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Crisis in Crimea sharply divides small town of Novo-Ozerne



BY TIM SULLIVAN

NOVO-OZERNE, Ukraine (AP) - For years, the little Crimean town was closed off from the rest of the world, a secretive community, at the edge of a key Soviet naval base, sealed by roadblocks and armed guards.

Today, to get to Novo-Ozerne, you just follow a pitted two-lane road far into the Crimean countryside, past collective farms abandoned decades ago and villages where it's hard to see any life, even at midday.

There's not much in town anymore, just the occasional ship that has sailed up the Black Sea inlet to this isolated spot, a handful of crumbling navy buildings, and an armory ringed by barbed wire.

But the Russians want it.

And the little forgotten town is now sharply divided, torn between those who welcomed the arrival here over the weekend of dozens of Russian soldiers wearing unmarked uniforms, and those who back the Ukrainians who are refusing to surrender their weapons.

"We know who they are and we see (what they are doing) as terrorism," said Sergei Reshetnik, a local businessman furious over the Russians' arrival. "We just want to live quietly."

The standoff in Novo-Ozerne between Russian and Ukrainian soldiers is a scene playing out across Crimea, days after Moscow effectively seized political power across the strategic Black Sea peninsula, establishing a pro-Russian regional government backed up by hundreds - perhaps thousands - of soldiers. The seizure of power came after months of street demonstrations in the capital, Kiev, which forced out Ukraine's president, the pro-Russian Viktor Yanukovych. The new government has taken a sharp turn away from Moscow, and is eager to form closer ties to the European Union.

But if Russia expected the Ukrainian military to go easily, handing over its weapons as soon as it was asked, things turned out far more complicated. Instead, military installations across Crimea - many of them surrounded or taken over by Russian forces - have refused to surrender, raising the tension and leading to fears of all-out combat. Ukraine's new government has ordered the bases to remain loyal to Kiev.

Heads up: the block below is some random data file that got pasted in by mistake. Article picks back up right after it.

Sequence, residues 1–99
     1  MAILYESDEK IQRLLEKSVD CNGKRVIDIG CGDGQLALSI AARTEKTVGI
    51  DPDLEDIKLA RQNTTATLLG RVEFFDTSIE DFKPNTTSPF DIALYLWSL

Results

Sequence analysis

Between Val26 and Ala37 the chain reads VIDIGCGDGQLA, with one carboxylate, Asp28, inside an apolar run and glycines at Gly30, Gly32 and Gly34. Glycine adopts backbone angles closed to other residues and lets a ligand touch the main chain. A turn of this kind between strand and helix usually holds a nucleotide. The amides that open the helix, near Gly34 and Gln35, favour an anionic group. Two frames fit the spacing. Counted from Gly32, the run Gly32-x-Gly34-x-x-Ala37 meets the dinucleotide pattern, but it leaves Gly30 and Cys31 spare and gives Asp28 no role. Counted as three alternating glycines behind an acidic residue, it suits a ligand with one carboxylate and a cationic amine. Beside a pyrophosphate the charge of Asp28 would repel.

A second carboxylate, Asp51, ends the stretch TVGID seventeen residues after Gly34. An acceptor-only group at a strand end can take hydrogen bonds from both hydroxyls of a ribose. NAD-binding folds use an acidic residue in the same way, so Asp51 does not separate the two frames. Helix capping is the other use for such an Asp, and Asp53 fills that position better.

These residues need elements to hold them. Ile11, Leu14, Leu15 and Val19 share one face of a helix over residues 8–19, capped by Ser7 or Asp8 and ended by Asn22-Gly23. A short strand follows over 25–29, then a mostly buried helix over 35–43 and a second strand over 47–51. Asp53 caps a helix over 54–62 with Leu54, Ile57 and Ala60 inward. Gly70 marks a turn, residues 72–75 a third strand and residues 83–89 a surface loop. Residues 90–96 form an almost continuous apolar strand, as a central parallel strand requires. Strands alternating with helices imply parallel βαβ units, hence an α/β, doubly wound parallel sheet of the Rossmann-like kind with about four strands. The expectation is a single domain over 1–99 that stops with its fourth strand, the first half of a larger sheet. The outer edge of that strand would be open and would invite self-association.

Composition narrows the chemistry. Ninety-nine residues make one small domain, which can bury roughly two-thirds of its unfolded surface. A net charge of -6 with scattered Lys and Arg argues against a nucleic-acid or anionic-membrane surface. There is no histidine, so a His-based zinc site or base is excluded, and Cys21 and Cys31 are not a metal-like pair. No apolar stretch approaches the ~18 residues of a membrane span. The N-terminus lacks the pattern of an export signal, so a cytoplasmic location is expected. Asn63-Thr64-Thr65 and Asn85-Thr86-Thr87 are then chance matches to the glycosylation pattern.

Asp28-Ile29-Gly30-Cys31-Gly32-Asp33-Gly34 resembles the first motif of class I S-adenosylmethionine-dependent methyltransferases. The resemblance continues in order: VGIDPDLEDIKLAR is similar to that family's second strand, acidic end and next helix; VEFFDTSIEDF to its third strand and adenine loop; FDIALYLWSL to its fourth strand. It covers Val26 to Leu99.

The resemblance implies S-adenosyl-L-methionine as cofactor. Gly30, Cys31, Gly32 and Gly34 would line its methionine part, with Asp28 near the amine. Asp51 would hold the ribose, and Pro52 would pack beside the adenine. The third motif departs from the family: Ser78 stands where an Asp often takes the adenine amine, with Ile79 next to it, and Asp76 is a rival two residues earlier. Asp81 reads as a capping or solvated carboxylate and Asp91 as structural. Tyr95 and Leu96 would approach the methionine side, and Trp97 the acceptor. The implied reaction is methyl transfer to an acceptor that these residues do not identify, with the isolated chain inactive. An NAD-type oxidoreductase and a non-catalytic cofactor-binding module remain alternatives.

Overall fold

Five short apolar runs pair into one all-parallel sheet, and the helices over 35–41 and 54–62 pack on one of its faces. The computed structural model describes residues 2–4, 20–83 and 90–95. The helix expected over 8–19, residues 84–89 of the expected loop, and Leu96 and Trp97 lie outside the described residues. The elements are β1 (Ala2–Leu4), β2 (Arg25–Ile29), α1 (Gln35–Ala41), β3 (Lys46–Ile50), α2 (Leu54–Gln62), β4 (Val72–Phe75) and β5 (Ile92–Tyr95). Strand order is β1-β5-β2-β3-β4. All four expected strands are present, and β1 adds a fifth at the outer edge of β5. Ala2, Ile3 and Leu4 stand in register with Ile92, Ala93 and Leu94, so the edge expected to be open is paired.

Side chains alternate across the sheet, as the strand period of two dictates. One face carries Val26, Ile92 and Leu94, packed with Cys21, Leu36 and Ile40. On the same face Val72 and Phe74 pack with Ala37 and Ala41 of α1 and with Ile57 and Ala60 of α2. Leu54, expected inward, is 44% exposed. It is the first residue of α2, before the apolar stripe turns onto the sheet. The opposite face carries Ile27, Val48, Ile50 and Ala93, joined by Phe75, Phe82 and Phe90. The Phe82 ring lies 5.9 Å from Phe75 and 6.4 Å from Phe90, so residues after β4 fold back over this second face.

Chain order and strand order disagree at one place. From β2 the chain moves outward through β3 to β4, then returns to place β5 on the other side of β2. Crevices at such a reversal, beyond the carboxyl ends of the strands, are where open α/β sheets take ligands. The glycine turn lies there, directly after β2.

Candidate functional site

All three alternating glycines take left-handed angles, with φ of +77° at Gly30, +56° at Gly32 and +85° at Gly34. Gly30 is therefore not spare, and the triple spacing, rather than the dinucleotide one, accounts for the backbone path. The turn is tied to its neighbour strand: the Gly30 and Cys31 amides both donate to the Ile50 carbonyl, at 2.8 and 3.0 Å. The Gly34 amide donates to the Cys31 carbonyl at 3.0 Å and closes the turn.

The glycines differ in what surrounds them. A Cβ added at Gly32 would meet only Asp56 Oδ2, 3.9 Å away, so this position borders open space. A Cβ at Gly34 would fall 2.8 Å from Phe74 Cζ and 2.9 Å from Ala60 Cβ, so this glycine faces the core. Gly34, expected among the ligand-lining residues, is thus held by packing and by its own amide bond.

In Novo-Ozerne, the standoff had turned into an impasse by Monday afternoon. After the initial confrontation, the Russians had moved most of their forces away from the base and into an abandoned building, leaving about a dozen heavily armed soldiers in hurriedly built trenches outside the armory.

The commanders have talked a few times, trying to avoid the chance of accidental bloodshed, and things often looked fairly normal, with soldiers, their wives and girlfriends passing easily in and out of the main Ukrainian base.

Outside the armory, members of pro-Russian self-defense groups - which have often worked closely with the Russian military - set up a perimeter to search vehicles leaving the compound.

They were thrilled at the Russians' arrival.

To them, what happened in Kiev was a coup staged by anti-Russian fascists who they fear will punish the ethnic Russians who dominate this part of Ukraine. So, they said, they were making sure no weapons made it out of the armory.

"We don't want to become another Yugoslavia here," said Alexei Maslyukov, a local resident who organized the checkpoint, barely 50 feet (15 meters) from where masked Russians watched with automatic weapons.

In many ways, what happened in this town is unusual. Crimea was a crown jewel of the czarist and Soviet empires, and ethnic Russians moved here in droves over the years. After the fall of the Soviet Union and Ukraine's independence, many Crimeans continued to see themselves as more Russian than Ukrainian.

By all appearances, most Crimeans have welcomed the Russian military, and given only scattered support to the Ukrainian soldiers.

But this town, which outwardly is just another vision of post-Soviet decay, with its identical concrete-block apartments and empty storefronts, is shockingly diverse. There are Russians and Tatars, the Turkic people who once dominated Crimea. There are Azeris, Gypsies and Jews. Few of these people have any loyalty to Moscow.